A teenage star: The forgotten contribution of Dorothy L. Sayers to a pageant
in In and out of Bloomsbury
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The essay reveals, describes, and discusses an important event, overlooked by her biographers, in the childhood of the detective novelist and religious writer Dorothy Leigh Sayers. In August 1908, when she had only just turned fifteen and was still being educated at home, she made a major contribution to a pageant in the Huntingdonshire village of Somersham, near her home in Bluntisham, where her father was rector. Historical pageants were so much in vogue at this time that the term “pageantitis” was coined to describe the infectious enthusiasm for them. The Somersham pageant, under the professional direction of D’Arcy de Ferrars, was an important local event and even the subject of a report in a national newspaper. Dorothy, as well as being one of three musical accompanists, composed the words for the “Somersham Triumph Song,” sung by a professional soprano, and the verses for at least two of the tableaux. Her compositions, revealing a prodigious talent and singled out for special praise at the time, including in the national newspaper, total a minimum of fifty-six lines of verse.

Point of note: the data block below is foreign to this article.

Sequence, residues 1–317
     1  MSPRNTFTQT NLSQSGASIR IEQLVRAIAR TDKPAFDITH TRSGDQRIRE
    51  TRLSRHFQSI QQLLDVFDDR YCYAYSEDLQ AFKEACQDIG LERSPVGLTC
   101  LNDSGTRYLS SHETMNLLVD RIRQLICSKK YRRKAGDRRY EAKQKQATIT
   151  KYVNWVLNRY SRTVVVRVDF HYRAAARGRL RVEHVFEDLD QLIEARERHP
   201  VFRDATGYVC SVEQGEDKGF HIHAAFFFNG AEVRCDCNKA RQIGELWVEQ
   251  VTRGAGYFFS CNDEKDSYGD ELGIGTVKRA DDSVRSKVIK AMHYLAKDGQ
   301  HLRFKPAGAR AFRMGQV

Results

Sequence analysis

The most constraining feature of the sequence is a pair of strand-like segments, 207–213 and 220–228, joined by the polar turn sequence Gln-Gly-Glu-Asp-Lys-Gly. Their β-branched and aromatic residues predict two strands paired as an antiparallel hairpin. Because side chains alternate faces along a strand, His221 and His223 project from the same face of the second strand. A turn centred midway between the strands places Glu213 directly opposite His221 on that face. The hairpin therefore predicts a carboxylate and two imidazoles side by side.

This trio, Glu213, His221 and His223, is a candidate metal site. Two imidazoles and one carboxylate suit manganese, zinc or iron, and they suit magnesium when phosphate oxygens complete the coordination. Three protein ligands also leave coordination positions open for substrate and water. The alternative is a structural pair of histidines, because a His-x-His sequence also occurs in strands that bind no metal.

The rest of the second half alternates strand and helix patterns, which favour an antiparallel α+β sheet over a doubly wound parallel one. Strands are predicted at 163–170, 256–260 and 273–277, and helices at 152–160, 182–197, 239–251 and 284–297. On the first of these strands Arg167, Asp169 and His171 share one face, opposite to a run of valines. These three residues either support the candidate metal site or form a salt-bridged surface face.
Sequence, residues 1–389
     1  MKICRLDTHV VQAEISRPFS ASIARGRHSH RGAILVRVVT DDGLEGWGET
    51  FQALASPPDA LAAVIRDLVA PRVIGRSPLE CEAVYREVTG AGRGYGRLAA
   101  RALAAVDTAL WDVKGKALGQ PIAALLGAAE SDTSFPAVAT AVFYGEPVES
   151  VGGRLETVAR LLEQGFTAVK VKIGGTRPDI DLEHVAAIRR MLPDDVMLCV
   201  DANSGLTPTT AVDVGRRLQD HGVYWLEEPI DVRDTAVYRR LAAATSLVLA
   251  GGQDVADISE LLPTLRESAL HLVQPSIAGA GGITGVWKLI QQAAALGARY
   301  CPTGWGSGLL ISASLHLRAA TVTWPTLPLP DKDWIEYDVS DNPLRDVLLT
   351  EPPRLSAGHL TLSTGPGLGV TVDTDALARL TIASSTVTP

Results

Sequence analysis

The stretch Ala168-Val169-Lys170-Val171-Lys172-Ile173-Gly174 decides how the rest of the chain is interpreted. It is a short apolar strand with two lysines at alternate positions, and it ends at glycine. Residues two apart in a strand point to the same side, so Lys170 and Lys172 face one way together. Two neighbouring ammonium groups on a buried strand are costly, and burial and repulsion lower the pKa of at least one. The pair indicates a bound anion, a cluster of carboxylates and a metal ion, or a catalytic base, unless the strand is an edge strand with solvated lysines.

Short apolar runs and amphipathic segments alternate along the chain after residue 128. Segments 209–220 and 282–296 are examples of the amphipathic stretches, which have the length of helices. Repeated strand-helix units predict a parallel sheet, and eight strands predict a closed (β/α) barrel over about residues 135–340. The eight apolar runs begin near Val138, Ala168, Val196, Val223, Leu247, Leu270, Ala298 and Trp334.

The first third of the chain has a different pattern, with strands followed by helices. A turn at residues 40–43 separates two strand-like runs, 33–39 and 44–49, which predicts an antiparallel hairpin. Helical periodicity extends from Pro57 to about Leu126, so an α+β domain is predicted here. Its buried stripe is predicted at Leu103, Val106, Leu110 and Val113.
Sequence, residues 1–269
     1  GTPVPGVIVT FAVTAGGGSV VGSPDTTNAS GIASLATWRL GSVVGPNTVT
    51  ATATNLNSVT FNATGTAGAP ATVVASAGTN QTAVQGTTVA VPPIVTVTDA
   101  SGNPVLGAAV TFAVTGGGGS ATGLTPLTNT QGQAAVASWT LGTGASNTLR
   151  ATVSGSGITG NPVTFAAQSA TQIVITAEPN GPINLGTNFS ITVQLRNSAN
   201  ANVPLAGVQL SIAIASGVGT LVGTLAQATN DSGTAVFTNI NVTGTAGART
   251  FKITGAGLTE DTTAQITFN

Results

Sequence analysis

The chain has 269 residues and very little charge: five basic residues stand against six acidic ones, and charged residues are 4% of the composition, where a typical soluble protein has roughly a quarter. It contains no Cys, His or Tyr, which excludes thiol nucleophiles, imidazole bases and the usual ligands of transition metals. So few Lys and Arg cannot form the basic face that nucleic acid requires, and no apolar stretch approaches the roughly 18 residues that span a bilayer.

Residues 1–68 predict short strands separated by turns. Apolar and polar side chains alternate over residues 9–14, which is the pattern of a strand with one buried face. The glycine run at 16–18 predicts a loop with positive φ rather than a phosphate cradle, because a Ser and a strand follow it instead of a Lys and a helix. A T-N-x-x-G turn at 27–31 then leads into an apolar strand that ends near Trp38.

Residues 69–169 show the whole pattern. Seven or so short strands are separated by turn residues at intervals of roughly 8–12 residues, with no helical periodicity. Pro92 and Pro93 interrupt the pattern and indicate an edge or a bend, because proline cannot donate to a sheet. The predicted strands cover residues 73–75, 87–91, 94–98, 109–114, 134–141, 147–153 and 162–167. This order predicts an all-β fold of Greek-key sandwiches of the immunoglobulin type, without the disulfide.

In and out of Bloomsbury

Biographical essays on twentieth-century writers and artists

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